The Tower BFT mechanism is used to improve the network’s responsiveness by allowing Validators to vote on the state of the ledger. This system also records the previous votes and uses them to speed up validation by allowing Validators to reference their previous votes rather than running the entire transaction chain.
In simpler terms, we can consider Tower BFT as an upgraded version of the Practical Byzantine Fault Toleration (PBFT) system found in other DPoS blockchains.
As the Solana consensus layer holds no dependence over peer-to-peer messages, making it possible to optimize the way blocks are transmitted through the network independently. the Turbine is essentially a block-propagation technique. In a distributed network when we increase the node count, it implies an increase in the amount of time required to transmit all the data to all nodes.
Solana’s Turbine solves this issue!
With Turbine, when a node releases a message to 500 of its peers, it would not be required to transmit the information 500 times. Instead, that message is broken down and sent in a packet to a different validator. Each validator retransmits the packet to a group of peers. In simpler terms, the turbine divides the data into smaller packets, making it easy to transmit to blockchain nodes. Consequently, It results in increased bandwidth and capacity of Solana-supported transactions.
The Gulf Stream eliminates the need for the “Mempool concept”, which is a waiting area for transactions before they are chosen to go to the next block. This reduces the confirmation time of transactions by caching and forwarding them instantly.
Gulf stream brings out a new strategy that allows the network to forward transactions to validators before the current block of transactions is finished with its approval.
Sealevel gives Solana a major advantage over the most popular smart contract-based networks in use today!
Solana employs Sealevel to execute smart contracts that can run parallelly. This also allows similar smart contracts to leverage the same protocols. This strategy implies that thousands of smart contracts can run simultaneously and in parallel without bogging down the network’s performance.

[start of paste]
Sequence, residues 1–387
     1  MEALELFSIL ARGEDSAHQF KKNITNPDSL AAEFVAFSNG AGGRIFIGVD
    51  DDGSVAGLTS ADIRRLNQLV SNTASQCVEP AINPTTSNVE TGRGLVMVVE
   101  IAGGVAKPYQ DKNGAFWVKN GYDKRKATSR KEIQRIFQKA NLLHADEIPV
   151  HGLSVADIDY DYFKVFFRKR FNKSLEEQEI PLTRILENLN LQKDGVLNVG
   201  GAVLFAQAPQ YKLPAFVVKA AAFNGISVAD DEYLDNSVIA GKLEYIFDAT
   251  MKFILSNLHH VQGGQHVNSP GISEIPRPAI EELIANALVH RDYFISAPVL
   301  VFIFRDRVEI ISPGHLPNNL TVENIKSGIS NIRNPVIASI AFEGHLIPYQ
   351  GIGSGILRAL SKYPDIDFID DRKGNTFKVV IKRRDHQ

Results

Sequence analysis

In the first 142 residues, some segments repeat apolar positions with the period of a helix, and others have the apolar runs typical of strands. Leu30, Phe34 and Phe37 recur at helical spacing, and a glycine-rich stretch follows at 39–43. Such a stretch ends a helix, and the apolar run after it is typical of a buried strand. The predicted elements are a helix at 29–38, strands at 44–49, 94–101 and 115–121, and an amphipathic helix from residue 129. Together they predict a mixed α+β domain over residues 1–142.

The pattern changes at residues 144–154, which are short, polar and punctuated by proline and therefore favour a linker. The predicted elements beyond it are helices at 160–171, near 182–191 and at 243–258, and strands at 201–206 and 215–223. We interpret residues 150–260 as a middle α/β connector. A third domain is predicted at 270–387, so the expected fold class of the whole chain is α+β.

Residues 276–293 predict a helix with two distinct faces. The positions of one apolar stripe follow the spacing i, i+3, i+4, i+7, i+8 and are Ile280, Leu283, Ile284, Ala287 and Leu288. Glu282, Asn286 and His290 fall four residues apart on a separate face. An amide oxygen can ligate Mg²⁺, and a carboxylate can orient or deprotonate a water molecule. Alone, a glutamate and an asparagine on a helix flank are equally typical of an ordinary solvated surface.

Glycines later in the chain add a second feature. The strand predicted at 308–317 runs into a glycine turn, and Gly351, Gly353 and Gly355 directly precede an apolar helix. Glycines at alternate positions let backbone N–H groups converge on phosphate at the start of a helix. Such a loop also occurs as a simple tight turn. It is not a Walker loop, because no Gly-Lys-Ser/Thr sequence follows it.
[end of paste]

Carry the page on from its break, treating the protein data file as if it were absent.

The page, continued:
Solana incorporates a transaction processing unit known as Pipelining. The protocol works by assigning a stream of input data to different hardware based on its specifications. This system helps to improve block validation times.
Cloudbreak, a data structure protocol, is used to read and write across the network concurrently. Cloudbreak is the Solana network’s account database. In order to achieve the necessary scalability on the Solana network, it requires the use of Cloudbreak which is optimal for concurrent reads and writes across the network.
Archivers are employed for data storage. Data on Solana offloads from validators to a network of nodes known as Archivers. These nodes can be lightweight and they will be subject to a check, every so often, to ensure they are storing the right data.
Solana enables low gas costs and much faster transaction speeds than the existing blockchains in the market; the community is aware of these simple wins. Although there are other lesser-known yet powerful features, the 8 unique features we discussed above, that we think truly lend themselves to Solana being the platform of choice for future projects.
Numbers, large investors, unique mechanisms, and technologies, all these features make Solana blockchain attractive and successful. Solana is definitely a prospect for the future of the crypto industry!